South Africa rejects U.S. accusations of arms shipment to Russia
By Kopano Gumbi, Wendell Roelf and Daphne Psaledakis
JOHANNESBURG/WASHINGTON (Reuters) -South African officials on Friday hit back at U.S. accusations that a Russian ship had collected weapons from a naval base near Cape Town late last year, a move investors fear could lead Washington to impose sanctions.
The U.S. ambassador to South Africa Reuben Brigety said on Thursday he was confident that a Russian ship under U.S. sanctions took aboard weapons from the Simon's Town base in December, suggesting the transfer was not in line with Pretoria's stance of neutrality in Russia's war against Ukraine.
Western diplomats were alarmed at South Africa carrying out naval exercises with Russia and China this year, and at the timing of a visit by Russian Foreign Minister Sergei Lavrov.
South Africa is one of Russia's most important allies on a continent divided over its February 2022 invasion of Ukraine, but says it is impartial and has abstained from voting on U.N. resolutions on the war.
Russian President Vladimir Putin on Friday had discussed the conflict in Ukraine in a phone call with South African President Cyril Ramaphosa, the Kremlin said.
Ramaphosa's office said on Thursday that an inquiry led by a retired judge would look into the U.S. allegation. On Friday, a minister responsible for arms control and a foreign ministry spokesman said South Africa had not approved any arms shipment to Russia in December.
"We didn't approve any arms to Russia ... it wasn't sanctioned or approved by us," Communications Minister Mondli Gungubele, who chaired the National Conventional Arms Control Committee when the purported shipment took place, told 702 radio.
He did not say whether or not an unapproved shipment had left South Africa.
South Africa's defence department said on Friday it would give its side of the story to the government's inquiry.
Brigety was summoned on Friday to meet South African foreign minister Naledi Pandor. The ministry "expressed the government's utter displeasure with his conduct and statements made yesterday," a statement said.
It said Brigety "admitted that he crossed the line and apologised unreservedly to the government and the people of South Africa."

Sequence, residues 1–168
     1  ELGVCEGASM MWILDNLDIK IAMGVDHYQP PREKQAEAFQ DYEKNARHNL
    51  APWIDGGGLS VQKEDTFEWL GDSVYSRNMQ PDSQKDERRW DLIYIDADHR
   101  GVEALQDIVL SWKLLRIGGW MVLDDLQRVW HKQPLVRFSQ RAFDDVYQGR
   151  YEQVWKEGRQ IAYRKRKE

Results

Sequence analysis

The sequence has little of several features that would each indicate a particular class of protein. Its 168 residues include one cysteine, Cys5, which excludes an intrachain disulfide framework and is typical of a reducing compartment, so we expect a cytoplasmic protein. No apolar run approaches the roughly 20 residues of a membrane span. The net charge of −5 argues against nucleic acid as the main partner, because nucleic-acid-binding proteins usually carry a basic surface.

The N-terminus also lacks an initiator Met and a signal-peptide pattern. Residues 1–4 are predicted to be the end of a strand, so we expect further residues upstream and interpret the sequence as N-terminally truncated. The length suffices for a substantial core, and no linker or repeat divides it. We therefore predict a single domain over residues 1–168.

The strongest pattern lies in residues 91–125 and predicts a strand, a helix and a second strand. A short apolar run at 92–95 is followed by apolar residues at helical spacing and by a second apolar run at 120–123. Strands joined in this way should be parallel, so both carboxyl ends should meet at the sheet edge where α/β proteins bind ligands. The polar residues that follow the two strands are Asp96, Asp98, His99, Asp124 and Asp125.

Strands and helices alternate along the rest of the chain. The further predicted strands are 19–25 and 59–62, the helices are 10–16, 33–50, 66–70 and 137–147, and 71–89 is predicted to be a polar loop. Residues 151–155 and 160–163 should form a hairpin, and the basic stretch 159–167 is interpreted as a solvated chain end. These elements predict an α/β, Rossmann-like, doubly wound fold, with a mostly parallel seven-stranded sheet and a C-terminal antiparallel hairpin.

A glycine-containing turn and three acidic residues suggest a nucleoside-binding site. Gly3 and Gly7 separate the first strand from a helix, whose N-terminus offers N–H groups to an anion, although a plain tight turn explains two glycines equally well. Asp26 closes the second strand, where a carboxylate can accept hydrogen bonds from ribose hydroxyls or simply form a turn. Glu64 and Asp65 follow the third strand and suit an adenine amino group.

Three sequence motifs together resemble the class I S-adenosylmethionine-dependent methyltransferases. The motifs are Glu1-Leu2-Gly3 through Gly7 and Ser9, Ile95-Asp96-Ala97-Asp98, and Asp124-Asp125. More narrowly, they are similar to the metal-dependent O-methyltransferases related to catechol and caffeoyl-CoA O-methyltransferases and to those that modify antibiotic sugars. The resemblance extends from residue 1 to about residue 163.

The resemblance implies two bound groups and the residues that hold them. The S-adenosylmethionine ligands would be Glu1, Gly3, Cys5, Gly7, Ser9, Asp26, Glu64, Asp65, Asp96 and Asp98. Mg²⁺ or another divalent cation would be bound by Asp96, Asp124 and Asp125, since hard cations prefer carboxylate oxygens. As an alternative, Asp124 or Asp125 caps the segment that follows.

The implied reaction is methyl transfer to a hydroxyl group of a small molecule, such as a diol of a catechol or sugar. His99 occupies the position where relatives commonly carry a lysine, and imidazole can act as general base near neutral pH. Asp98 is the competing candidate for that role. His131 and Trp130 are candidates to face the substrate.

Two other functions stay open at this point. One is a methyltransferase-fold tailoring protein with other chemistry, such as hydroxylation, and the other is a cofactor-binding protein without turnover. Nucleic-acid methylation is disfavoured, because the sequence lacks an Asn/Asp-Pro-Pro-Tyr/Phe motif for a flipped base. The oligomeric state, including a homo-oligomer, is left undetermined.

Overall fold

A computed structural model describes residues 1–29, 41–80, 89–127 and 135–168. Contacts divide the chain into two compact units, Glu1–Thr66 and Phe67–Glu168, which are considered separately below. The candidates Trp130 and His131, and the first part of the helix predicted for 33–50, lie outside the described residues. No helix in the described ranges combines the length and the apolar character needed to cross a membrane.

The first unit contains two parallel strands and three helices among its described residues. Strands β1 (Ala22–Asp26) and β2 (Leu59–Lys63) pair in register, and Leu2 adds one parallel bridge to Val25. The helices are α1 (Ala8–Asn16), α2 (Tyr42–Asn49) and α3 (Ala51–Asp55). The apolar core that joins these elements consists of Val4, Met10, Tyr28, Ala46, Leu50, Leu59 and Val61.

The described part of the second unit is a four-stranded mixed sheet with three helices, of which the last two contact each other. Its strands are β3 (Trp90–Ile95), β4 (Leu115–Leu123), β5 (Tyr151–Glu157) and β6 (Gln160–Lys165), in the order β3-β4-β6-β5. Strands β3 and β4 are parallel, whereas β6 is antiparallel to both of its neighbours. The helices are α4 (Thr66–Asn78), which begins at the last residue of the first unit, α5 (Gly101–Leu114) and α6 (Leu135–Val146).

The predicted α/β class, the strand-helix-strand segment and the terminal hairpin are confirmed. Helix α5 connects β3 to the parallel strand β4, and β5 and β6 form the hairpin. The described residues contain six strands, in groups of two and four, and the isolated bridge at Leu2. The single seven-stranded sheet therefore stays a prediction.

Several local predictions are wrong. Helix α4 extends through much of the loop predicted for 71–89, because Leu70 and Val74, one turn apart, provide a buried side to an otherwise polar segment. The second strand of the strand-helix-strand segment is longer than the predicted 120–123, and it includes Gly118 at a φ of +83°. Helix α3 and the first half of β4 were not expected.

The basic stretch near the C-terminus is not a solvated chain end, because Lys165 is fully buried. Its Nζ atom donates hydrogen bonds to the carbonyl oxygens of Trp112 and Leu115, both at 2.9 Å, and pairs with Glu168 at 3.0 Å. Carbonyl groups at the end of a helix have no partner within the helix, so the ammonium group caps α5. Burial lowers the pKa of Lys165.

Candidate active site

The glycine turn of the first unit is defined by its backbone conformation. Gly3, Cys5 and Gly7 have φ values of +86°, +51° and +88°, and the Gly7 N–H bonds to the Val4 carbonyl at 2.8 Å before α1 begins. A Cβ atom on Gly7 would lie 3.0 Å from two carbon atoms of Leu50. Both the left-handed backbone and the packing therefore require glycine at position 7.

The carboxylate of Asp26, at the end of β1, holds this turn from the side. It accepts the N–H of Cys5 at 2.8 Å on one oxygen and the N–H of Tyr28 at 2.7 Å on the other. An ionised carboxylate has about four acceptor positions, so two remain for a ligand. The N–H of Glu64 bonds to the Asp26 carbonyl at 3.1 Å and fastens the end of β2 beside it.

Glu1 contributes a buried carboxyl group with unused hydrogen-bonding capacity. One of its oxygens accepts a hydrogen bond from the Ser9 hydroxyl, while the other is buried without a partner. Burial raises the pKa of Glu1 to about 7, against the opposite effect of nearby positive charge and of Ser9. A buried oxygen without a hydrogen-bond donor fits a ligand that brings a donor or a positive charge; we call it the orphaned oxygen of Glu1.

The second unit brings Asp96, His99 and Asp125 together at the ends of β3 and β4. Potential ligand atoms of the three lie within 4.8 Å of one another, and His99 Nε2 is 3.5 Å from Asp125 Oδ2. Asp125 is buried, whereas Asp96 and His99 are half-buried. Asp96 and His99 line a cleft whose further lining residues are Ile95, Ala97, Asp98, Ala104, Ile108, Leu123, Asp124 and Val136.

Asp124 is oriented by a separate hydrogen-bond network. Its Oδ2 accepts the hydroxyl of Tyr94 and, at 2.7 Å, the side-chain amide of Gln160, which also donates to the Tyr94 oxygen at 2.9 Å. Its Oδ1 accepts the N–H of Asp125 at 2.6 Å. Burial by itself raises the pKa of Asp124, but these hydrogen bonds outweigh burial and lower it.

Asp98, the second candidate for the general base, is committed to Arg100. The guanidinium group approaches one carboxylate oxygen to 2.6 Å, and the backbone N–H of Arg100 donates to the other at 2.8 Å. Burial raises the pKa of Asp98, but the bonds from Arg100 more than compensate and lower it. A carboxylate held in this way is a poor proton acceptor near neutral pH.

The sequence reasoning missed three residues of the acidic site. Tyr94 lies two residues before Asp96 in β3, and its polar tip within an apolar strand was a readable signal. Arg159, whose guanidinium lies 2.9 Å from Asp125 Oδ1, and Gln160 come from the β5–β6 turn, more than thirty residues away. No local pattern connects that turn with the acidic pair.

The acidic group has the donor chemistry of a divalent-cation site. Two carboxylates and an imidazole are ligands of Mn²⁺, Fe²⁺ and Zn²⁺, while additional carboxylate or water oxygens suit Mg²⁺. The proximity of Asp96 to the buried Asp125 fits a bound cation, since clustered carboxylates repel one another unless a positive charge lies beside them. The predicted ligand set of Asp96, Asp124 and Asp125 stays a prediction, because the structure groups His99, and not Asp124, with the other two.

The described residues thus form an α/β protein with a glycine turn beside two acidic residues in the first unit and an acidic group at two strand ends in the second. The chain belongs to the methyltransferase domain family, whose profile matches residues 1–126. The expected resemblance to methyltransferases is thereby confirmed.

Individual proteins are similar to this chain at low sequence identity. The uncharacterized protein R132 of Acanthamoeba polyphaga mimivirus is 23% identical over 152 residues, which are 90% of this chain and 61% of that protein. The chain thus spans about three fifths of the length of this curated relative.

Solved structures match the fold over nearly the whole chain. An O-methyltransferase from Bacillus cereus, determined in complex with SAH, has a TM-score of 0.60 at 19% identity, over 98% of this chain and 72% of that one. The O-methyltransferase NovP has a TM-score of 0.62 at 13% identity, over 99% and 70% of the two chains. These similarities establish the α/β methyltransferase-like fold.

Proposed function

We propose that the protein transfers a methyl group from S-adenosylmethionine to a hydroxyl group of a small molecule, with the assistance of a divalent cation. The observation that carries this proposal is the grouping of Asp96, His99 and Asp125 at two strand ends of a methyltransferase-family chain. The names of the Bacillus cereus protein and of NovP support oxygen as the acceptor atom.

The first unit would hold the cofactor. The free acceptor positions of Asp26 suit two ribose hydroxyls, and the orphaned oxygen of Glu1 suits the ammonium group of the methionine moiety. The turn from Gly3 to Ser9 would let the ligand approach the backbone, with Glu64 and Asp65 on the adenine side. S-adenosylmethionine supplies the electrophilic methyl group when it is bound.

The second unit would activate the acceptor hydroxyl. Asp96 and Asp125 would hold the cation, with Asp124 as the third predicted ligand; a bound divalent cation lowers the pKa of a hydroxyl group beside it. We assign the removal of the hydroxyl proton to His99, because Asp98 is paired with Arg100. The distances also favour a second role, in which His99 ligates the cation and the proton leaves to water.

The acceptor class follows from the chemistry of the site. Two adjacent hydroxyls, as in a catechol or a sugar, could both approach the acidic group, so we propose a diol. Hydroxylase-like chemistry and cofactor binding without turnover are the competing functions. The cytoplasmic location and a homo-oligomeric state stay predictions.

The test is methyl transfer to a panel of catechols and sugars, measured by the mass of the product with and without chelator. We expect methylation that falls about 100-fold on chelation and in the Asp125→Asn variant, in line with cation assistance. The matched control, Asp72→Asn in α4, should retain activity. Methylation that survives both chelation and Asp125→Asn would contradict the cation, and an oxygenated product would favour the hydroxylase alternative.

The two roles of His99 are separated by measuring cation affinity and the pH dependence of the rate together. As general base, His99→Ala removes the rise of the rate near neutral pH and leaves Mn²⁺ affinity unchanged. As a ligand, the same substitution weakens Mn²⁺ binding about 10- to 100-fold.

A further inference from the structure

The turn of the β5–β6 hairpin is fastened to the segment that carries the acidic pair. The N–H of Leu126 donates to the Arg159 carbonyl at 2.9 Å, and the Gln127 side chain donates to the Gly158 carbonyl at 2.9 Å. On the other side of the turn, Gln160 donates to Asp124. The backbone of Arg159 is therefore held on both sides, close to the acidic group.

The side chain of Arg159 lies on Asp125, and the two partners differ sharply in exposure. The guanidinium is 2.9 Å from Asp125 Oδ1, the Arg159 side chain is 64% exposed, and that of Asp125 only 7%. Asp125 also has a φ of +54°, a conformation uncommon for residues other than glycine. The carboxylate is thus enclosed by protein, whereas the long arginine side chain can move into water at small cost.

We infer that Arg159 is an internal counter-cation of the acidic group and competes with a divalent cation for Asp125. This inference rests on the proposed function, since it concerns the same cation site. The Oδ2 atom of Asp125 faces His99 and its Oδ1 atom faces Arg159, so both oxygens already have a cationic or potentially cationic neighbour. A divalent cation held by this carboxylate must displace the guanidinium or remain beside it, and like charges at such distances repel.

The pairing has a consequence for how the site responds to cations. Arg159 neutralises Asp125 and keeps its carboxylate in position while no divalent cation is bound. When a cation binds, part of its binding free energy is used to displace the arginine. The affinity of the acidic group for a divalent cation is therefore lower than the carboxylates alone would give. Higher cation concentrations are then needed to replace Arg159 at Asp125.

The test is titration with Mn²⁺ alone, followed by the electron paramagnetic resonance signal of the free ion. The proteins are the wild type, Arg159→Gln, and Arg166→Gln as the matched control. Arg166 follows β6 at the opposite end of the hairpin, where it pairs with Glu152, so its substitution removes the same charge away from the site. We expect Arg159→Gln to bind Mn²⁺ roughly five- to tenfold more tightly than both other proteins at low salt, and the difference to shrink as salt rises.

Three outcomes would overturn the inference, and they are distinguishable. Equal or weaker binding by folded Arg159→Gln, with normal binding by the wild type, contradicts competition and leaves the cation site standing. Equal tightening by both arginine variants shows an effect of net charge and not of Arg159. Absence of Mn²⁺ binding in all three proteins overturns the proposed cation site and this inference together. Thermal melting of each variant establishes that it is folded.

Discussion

Brigety said on Twitter: "I was grateful for the opportunity to speak with Foreign Minister Pandor this evening and correct any misimpressions left by my public remarks."
The U.S. State Department said Secretary of State Antony Blinken had a phone call with Pandor "and reiterated cooperation on shared priorities, including health, trade, and energy."
After leaving Simon's Town, Refinitiv shipping data showed the vessel, the "Lady R", sailed north to Mozambique, spending Jan. 7 to 11 in the port of Beira before continuing to Port Sudan on the Red Sea.
It arrived in the Russian port of Novorossiysk on the Black Sea on Feb. 16, the data showed.
The United States placed the Lady R and Transmorflot LLC, the shipping company it is linked to, under sanctions in May 2022 on the grounds the company "transports weapons for the (government of Russia)".
Washington has warned that countries providing material support to Russia may be denied access to U.S. markets.
"This is not just a verbal warning, this is something that the Biden administration has shown through its actions that it is willing to do, including by sanctioning companies in places like China and Turkey," said Edward Fishman, a foreign policy expert who worked on Russia sanctions during President Barack Obama's administration.
Cameron Hudson, a former CIA analyst and now at the Center for Strategic and International Studies, said he thought it was unlikely that Washington would impose sanctions or suspend South Africa from AGOA, a major U.S. trade preference programme for Sub-Saharan Africa, although he said there were grounds to.
Authorities in South Africa's opposition-run Western Cape province said they feared losing a market for exports such as oranges, macademia nuts and wine.
The U.S. allegation over the weapons has heaped pressure on the rand currency, already weighed down by concerns over a power crisis. It struck an all-time low early on Friday before regaining some ground, but remained at its weakest in three years.
(Reporting by Kopano Gumbi, Carien du Plessis and Tim Cocks in Johannesburg, Wendell Roelf in Cape Town, and Joe Bavier, Daphne Psaledakis, Simon Lewis and Jarrett Renshaw in Washington; Writing by Nellie Peyton and Bhargav Acharya; Editing by Alexander Winning, Tim Cocks, Alex Richardson and Grant McCool)